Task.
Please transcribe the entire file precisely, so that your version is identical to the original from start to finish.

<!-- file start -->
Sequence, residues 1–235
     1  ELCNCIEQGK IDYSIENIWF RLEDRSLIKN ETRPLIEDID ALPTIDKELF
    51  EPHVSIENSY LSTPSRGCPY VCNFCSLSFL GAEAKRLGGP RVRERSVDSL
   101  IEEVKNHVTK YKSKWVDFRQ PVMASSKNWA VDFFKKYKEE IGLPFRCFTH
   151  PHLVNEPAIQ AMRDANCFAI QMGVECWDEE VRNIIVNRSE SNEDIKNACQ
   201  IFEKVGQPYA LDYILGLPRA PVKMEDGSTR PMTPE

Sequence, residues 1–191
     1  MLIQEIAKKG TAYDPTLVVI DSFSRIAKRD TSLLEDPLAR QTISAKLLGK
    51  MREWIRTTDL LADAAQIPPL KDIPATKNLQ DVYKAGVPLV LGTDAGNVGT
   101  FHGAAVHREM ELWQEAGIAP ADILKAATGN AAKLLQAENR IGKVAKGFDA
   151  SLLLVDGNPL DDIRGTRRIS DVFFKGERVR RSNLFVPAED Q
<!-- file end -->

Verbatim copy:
Sequence, residues 1–235
     1  ELCNCIEQGK IDYSIENIWF RLEDRSLIKN ETRPLIEDID ALPTIDKELF
    51  EPHVSIENSY LSTPSRGCPY VCNFCSLSFL GAEAKRLGGP RVRERSVDSL
   101  IEEVKNHVTK YKSKWVDFRQ PVMASSKNWA VDFFKKYKEE IGLPFRCFTH
   151  PHLVNEPAIQ AMRDANCFAI QMGVECWDEE VRNIIVNRSE SNEDIKNACQ
   201  IFEKVGQPYA LDYILGLPRA PVKMEDGSTR PMTPE

Sequence, residues 1–191
     1  MLIQEIAKKG TAYDPTLVVI DSFSRIAKRD TSLLEDPLAR QTISAKLLGK
    51  MREWIRTTDL LADAAQIPPL KDIPATKNLQ DVYKAGVPLV LGTDAGNVGT
   101  FHGAAVHREM ELWQEAGIAP ADILKAATGN AAKLLQAENR IGKVAKGFDA
   151  SLLLVDGNPL DDIRGTRRIS DVFFKGERVR RSNLFVPAED Q